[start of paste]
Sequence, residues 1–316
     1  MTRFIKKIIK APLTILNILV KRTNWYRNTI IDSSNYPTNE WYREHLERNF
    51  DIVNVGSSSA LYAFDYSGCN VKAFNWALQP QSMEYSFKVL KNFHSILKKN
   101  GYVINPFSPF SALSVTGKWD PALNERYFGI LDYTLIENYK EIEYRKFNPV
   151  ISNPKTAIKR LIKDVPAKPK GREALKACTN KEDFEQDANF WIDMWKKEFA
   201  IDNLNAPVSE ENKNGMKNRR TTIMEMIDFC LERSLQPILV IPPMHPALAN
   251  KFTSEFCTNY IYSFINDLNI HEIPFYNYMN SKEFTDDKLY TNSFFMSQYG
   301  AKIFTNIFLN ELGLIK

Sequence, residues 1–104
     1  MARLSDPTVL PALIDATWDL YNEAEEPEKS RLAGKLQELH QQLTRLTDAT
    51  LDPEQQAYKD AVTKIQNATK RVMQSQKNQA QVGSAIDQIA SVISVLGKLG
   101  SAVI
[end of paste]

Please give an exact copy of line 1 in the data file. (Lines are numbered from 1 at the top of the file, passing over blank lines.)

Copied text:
Sequence, residues 1–316